efforts could have been successful in stopping the most recent attacks, we have heard today that networks are not depart mentalized, segmented, in certain cases encrypted with the recent attacks, it the perimeter has been breached. the attacks often remain undetected for months. that is concerning. they are able to exploit vulnerabilities within the networks without passing through -- this is most concerning to me, additional inspector security measures. mr. scott, as i understand in the private sectors have have been shifts toward zero trust model. ultimate given o.p.m.'s role for metrics settings for agencies, can you tell us what o.p.m. is doing to set i.t.
security metrics to limit the number of workloads, application tiers to the networks? mr. scott: thank you for the question. i think there is a number of things that i would point to in addition to the measures that you just talked about. the first one is to share across the federal government, not only the lessons learned from o.p.m. but what we see from other attacks, whether successful or not. private and public and make sure that all agencies are up to speed with the latest information on the med of attacks, the tools that are used and so on. >> that is the weakness? mr. scott: it has been historically for the government and the private sector to share information for our ability to thwart these things.
the specific measure that you mentioned, the segmentation and zero trust is something that is more easily applied to very modern architectures. it is not as easily applied to some of the oldest and old legacy systems that we have. and i think that is going to be a challenge for all agencies where the architecture itself just doesn't lend itself to the application of certain technologies. the best answer i think in terms of what we have and where we go is a model that we're promoting and encouraging across the agencies which is defense in depth. it is a number of different measures so that if one thing doesn't work, you the next layer that helps stand that doesn't work you the next layer and zero trust is applicable in some of those environments and frankly is very difficult or impossible to
apply. >> how far are we from that? mr. scott: i would say years and years comprehensively. one of the things we're working on now is prioritizing based on the highest value assets that the federal government has so that we're going after the most valuable stuff first and make sure that is protected the best way we can. >> ms. seymour, with the millions of current and former federal employees, a lot of them in my district sign on to do the work we give to them. we appreciate the work. it is something we ask them to do. the federal jobs of the departmentes they work under have been asked to do. they don't expect their life to be compromised, their history to be compromised, their records to be compromised. when did o.p.m. begin to let the victims know of the risk and breach?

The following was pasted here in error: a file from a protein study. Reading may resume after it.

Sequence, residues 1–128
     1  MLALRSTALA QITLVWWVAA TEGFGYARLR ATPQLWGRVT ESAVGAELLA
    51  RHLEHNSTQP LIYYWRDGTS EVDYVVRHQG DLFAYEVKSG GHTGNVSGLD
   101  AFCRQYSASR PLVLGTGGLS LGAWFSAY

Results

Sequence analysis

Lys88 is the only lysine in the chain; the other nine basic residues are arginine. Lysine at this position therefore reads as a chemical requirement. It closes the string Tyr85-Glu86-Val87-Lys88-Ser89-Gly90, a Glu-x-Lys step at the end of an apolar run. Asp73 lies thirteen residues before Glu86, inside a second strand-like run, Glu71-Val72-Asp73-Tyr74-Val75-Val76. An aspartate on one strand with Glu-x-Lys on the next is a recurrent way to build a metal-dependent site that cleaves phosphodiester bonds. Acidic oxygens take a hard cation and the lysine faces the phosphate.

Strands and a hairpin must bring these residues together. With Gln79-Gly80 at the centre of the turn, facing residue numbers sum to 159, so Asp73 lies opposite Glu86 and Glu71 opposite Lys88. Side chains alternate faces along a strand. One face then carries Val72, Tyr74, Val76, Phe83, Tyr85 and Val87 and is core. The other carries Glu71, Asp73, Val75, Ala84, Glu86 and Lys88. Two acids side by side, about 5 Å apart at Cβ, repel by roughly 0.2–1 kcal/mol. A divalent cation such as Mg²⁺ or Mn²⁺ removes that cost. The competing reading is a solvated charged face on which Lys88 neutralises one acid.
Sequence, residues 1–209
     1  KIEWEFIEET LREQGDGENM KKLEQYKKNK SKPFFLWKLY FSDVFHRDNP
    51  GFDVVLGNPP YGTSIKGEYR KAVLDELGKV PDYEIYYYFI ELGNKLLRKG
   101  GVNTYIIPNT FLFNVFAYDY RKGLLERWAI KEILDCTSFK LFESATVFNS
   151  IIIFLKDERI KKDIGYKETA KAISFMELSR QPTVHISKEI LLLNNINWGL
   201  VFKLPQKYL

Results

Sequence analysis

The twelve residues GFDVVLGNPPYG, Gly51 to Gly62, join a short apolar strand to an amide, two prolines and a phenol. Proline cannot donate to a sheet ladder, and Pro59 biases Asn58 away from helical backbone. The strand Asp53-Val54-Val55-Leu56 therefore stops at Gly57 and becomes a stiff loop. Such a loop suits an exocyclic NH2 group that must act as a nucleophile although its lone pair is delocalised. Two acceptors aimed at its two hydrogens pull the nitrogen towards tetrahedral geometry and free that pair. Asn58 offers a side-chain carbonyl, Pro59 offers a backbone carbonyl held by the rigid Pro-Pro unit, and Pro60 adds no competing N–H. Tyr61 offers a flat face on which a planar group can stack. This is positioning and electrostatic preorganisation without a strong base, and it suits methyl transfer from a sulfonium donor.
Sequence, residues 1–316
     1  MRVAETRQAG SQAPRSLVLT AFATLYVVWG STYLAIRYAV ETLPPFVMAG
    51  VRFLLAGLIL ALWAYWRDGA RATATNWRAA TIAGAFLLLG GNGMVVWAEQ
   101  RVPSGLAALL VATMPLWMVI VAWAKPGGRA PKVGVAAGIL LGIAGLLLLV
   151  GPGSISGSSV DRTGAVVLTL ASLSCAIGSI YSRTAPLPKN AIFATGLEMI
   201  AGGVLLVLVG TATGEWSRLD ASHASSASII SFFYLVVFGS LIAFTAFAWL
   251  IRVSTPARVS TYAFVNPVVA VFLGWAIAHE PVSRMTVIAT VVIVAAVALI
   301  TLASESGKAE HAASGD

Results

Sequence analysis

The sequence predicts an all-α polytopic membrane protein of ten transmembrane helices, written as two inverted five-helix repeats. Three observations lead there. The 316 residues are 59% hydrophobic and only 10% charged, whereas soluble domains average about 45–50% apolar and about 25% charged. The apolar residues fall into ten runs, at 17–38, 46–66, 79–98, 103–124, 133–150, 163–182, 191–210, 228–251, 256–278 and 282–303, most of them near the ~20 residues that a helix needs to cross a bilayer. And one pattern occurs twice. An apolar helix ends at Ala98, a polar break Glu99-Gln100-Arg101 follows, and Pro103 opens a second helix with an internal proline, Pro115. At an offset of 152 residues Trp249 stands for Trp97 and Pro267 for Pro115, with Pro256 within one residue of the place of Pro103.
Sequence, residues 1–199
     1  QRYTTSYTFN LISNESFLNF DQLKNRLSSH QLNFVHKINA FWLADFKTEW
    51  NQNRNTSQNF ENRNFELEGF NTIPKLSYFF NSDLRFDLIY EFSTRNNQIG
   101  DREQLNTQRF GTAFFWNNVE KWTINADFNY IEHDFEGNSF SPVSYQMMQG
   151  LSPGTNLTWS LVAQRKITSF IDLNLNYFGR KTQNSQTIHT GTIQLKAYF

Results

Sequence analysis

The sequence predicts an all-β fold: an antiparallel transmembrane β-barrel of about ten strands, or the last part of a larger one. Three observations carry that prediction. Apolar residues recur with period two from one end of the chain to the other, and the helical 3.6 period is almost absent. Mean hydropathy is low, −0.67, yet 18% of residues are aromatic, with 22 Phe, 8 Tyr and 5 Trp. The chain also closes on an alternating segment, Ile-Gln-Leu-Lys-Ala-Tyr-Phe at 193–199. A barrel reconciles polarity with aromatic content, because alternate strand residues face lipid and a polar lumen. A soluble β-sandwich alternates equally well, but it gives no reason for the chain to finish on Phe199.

ms. seymour: thank you for your questions, sir. i too am a federal employee. and am concerned about this matter. we began identifying personnel on june 8 and will continue to make those notifications through june 19. that is for the personnel records security incident that we had. we have not yet been able to do the analysis to have data involved with the background investigations incident that is ongoing. as soon as we can narrow the data that is involved if that incident we will make appropriate notifications for that one as well. rep. chaffetz: i recognize the gentlewoman from new york. >> i want to thank the chairman and ranking member for calling this hearing and all of our panelists for your public
service. as one who represents the city that was attacked by 911, we lost thousands on that day and thousands more are still dying from health-related causes from that fateful day, but i consider this attack, i call it an attack on our country, a far more serious one to the national security of our country. and i would like to ask mr. ozment from homeland security, would you character size this as a large scale cyber spying effort? that's what it sounds like to me. what is it? dr. ozment: i think to speak to who were the this is a spying effort, we would have to talk to any understanding of who the adversaries were and what their intent was. >> you do believe it was a